Investors Bancorp (ISBC) is one of the nation's last big mutual thrifts, leaving industry observers wondering when the $11.5 billion-asset company will scrap the model and complete a second-step conversion.
Doing so would add millions of dollars in capital, better equipping Investors to become a major consolidator in New York. This year, Investors bought Brooklyn Federal Savings bank and Marathon National Bank.
In a wide-ranging interview, Kevin Cummings, the Short Hills, N.J., company's president and chief executive, said the conversion should occur next year. The planned conversion and its implication for acquisitions around New York led American Banker to select Cummings as one of five Community Bankers to Watch in 2013.
Here as an edited excerpt of our recent interview.
What do you expect from Investors in 2013?
CUMMINGS: We're pretty much focused on three principal objectives. One is integrating our Marathon acquisition. We'll be doing the systems conversion in January, including communicating with employees and customers. We've already had two meet-and-greets [at Marathon offices] in Astoria and in Brooklyn, meeting with the top-50 customers in different locations. That's going to be a significant undertaking.
The second thing is building out the business-lending platform. We're really focused on [middle-market companies with] $75 million of [annual] revenue and less. We believe that's a space that larger banks don't play well in. We're out hiring new officers and teams in New York and New Jersey to service that business. Those are $2 million to $5 million loans.
We think we can be a category-killer. I don't know why big banks are not focused on those loans. I just think they are looking at bigger deals. Why they do that, I'm not sure. [JPMorgan Chase CEO] Jamie Dimon has said that, 'If you have less than $100,000 in deposits at my bank, you're not a profitable customer.' We feel we can do a great job of servicing the local, grass-roots business. We've got to be laser-like focused in serving that niche.
There's competition for this kind of loan, but a lot of community banks shy away from it. New York Community Bancorp (NYCB), Dime Community Bancshares (DCOM), Flushing Financial (FFIC) are really focused on commercial real estate. We're trying to diversify and not be known as a one-trick pony.
The third thing, we expect and hope to execute a second-step transaction, because we've leveraged our capital down below 8% and hit our return-on-equity targets, and we're at 10% on tangible equity and we started to pay a dividend.
Can you discuss when the conversion could take place?
No, it depends on the fiscal cliff and on market conditions. It's not a matter of 'if,' it's a matter of 'when.'
Does Investors really need the capital?
When you can get the capital, you better get it. It's like a loan; you don't want to ask a banker for a loan when you need a loan.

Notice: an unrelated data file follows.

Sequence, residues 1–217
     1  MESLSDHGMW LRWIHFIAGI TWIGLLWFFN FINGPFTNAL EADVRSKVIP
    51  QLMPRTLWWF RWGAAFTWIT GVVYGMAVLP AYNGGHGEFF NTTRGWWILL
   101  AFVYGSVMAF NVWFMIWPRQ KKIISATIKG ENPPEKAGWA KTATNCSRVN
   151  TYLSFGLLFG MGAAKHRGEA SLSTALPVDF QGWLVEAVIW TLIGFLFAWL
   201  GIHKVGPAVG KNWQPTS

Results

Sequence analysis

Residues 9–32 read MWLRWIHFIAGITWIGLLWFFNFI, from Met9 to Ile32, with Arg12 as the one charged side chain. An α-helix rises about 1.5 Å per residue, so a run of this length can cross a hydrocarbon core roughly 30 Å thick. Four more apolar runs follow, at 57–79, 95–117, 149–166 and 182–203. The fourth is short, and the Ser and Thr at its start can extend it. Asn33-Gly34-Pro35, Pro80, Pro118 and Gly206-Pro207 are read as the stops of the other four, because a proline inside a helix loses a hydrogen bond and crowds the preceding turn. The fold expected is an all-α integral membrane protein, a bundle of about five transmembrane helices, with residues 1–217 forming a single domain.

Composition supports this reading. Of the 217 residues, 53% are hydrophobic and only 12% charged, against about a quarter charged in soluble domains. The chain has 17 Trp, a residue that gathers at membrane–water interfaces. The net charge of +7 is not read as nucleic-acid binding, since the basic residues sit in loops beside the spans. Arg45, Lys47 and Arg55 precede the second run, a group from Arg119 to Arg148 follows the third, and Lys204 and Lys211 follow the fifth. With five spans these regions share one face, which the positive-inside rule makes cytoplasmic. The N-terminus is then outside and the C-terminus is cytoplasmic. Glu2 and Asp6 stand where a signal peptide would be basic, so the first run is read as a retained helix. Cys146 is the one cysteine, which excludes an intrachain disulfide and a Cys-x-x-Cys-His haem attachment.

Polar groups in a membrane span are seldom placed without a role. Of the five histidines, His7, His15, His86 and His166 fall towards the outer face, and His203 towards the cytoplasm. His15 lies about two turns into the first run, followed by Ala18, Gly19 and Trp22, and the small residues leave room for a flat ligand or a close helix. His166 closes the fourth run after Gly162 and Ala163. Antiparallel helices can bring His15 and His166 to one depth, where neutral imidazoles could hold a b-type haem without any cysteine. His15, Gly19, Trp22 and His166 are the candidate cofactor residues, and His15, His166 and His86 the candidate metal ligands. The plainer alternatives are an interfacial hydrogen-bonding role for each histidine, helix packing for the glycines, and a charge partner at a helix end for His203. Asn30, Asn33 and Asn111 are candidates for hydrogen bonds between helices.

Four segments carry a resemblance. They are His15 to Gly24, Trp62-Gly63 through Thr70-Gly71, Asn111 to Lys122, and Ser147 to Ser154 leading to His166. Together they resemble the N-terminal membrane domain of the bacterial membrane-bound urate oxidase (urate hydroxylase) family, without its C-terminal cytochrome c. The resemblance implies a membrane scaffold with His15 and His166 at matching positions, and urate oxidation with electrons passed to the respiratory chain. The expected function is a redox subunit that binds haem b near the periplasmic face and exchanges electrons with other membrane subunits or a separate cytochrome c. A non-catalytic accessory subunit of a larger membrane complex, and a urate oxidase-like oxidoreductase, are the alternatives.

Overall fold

Can you discuss Investors' multifamily lending strategy?
We have a great group doing that already. We opened our New York loan-production office at the beginning of 2010. Multifamily is our largest loan component right now. We went from $44 million [in multifamily loans at the end of 2007] to over $2.2 billion [today]. Certainly, the competition was much more favorable when no one was making loans in that category in 2010. It's a very hot market now. But we're very much committed to it. We like it as an asset class, but from a pricing point of view today, it's getting a little too competitive.
Investors bought two banks this year. What's your outlook for M&A in 2013?
We consider ourselves a buyer, and we consider ourselves a company that has executed both on the pricing side and on the integration side. We've done six acquisitions since 2008 and we have done them — just on the results and the deposit growth — relatively well. We feel that, in our three-year plan, organic growth and acquisitions are part of our plan to expand the bank to the next level, to $16 billion in assets.
You have said that it would be very challenging to buy another mutual thrift in the New York area. Has there been any change in your outlook for buying those institutions?
In different conversations after the Marathon announcement, people have said, 'You're done [with acquisitions] until the second-step conversion.' But I have said that, if a mutual thrift or another mutual holding company came along, it would certainly be of interest because of the favorable financial impact to us on our second-step conversion [for us to buy one].
That's what our shareholders are most interested in. But we would not acquire one outside the New York/New Jersey area. I think we've spoken to most of the ones that are in the New York/New Jersey area. And, really, your stars have to be aligned. The Brooklyn transaction happened because it happened to be under a cease-and-desist order.
Our very first transaction [involving Summit Federal Savings Bank in June 2008] was with a mutual and it happened because of a personal relationship with the Summit management team. The fact that we've done two of these transactions puts us on the radar screen if any of those mutuals want to partner with a larger institution.
What financial institution in New York or New Jersey is the most similar to Investors?
At one time I would have said Dime, because of the personality of Dime. It's a well-run bank, very disciplined. They know what they don't know, and they do what they do very well.